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Monday, December 15, 2014

On Germany and Their Nasty, Ugly Socialism


There is a fantastic article and interview out just now at Alternet:


It's all based on author Thomas Geohegan's new book Were You Born on the Wrong Continent?  Renowned fellow author Terrence McNally interviews him.

Just a bit, here, to make point:

December 9, 2014/  The European Union, 27 member nations with a half billion people, has become the largest, wealthiest trading bloc in the world, producing nearly a third of the world's economy -- nearly as large as the US and China combined. Europe has more Fortune 500 companies than either the US, China or Japan.
European nations spend far less than the United States for universal healthcare rated by the World Health Organization as the best in the world, even as U.S. health care is ranked 37th. Europe leads in confronting global climate change with renewable energy technologies, creating hundreds of thousands of new jobs in the process. Europe is twice as energy efficient as the US and their ecological "footprint" (the amount of the earth's capacity that a population consumes) is about half that of the United States for the same standard of living.
Unemployment in the US is widespread and becoming chronic, but when Americans have jobs, we work much longer hours than our peers in Europe. Before the recession, Americans were working 1,804 hours per year versus 1,436 hours for Germans -- the equivalent of nine extra 40-hour weeks per year.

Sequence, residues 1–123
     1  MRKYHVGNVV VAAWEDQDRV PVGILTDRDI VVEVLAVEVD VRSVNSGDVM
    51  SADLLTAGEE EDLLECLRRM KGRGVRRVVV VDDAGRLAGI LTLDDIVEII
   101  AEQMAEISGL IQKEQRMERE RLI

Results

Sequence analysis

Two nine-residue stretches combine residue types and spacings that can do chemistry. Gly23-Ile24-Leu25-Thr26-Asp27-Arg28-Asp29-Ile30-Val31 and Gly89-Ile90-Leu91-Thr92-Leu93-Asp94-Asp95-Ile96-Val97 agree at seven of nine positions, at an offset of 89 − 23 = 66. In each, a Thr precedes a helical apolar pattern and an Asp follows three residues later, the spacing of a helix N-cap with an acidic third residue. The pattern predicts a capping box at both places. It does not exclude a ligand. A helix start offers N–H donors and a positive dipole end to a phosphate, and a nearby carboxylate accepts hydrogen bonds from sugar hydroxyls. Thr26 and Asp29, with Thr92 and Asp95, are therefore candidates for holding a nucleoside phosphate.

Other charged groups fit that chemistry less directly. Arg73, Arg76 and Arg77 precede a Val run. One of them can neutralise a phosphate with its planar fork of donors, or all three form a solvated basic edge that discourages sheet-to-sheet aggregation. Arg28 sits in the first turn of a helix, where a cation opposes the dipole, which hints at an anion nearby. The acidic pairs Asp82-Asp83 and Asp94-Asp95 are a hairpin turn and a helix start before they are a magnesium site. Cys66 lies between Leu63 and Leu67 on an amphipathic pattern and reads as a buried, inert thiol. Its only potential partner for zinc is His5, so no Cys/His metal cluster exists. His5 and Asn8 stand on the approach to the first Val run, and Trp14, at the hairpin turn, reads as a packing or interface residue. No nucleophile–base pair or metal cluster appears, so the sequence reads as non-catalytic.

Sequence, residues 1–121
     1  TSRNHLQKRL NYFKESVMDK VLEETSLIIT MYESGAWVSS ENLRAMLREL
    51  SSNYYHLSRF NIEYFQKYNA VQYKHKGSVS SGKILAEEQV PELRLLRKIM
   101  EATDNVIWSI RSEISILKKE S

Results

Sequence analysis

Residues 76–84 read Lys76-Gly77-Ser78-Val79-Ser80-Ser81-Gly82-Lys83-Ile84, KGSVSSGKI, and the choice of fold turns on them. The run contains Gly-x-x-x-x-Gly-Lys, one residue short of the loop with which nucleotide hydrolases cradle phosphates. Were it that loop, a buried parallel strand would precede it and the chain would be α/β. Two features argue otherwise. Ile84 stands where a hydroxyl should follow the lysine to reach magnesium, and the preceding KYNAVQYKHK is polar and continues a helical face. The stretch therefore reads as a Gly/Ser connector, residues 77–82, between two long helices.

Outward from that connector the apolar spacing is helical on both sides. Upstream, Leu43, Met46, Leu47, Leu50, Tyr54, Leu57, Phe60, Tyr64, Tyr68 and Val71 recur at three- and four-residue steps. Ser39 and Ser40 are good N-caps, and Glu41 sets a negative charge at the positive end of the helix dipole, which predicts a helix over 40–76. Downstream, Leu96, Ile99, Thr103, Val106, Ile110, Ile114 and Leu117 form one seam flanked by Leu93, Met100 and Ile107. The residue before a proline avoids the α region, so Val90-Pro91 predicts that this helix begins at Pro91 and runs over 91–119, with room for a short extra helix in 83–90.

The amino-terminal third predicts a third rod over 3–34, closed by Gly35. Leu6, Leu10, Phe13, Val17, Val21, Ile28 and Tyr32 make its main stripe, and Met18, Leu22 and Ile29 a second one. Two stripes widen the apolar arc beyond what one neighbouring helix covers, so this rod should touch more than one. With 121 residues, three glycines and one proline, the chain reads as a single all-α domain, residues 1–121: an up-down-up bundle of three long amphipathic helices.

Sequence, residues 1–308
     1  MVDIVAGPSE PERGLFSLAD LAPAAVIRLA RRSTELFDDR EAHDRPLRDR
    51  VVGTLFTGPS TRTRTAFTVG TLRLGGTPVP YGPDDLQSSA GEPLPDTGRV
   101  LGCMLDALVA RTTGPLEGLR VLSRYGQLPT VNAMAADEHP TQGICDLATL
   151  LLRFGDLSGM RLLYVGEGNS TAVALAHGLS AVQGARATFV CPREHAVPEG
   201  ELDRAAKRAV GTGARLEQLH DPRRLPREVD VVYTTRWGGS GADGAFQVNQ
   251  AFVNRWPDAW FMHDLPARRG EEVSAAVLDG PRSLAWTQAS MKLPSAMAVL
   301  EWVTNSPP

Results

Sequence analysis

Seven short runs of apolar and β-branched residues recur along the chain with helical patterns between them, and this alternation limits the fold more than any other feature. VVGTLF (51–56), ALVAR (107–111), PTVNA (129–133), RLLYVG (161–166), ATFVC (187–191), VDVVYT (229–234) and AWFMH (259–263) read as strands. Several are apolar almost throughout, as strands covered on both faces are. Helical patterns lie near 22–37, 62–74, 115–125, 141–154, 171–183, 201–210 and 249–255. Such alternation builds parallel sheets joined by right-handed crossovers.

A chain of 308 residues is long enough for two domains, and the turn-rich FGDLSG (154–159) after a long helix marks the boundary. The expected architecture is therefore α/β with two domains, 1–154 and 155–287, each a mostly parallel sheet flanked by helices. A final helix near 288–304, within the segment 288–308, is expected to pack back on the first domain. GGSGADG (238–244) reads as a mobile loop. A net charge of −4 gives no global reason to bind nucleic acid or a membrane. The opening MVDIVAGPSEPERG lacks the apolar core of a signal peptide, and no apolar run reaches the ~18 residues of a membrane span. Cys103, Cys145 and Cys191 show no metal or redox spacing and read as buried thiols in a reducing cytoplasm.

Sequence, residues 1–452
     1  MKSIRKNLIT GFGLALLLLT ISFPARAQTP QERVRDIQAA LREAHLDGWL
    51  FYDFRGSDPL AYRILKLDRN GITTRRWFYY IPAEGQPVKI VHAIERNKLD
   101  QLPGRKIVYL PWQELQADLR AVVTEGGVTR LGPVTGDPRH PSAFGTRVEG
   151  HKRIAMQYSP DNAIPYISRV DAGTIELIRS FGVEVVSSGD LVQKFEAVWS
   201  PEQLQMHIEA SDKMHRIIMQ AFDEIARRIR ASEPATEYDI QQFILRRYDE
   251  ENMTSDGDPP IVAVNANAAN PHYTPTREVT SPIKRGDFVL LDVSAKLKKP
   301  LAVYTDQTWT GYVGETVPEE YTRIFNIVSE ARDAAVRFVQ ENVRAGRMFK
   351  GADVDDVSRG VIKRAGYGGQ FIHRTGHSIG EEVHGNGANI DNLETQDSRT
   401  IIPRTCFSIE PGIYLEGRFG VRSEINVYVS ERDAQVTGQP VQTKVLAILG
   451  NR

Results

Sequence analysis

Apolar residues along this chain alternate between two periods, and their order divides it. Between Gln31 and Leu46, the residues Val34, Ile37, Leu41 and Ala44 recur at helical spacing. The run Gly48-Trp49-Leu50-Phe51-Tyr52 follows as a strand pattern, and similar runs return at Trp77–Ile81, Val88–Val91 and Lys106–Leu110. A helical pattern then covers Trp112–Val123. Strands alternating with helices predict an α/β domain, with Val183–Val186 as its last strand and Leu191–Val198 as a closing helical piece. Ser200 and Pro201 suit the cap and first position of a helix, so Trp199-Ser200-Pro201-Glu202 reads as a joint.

They're better paid, have more money, live better, have more--far more---vacation time,  pay less for education,don't ship jobs overseas, there's less--again, far less--poverty, they have more "green", sustainable energy sources, all while producing more, as a nation.

Great interview. It sounds like a good to great book, possibly an important one. Eye-opening to most Americans. Too many of us, without international travel, don't know what we don't have, of course, nor what, maybe, likely, even, we could, if only for better national priorities. Some things we could maybe have if we had statesmen and stateswomen in our leadership instead of what we have now.
I love this---something the author found:  "...if you don't have much poverty, life is better for everybody. Not just for the poor, but for everybody.

It's what a lot of us have been saying and for a long time. It seems something the Waltons of Walmart and the Koch brothers and their ilk just can't comprehend or accept or agree to.
What's to not want to emulate here, on our part? Heck, on anyone's part?
That is really some ugly Socialism there, isn't it?
I'm sure glad we aren't Socialists and have that ugly stuff here, aren't you?


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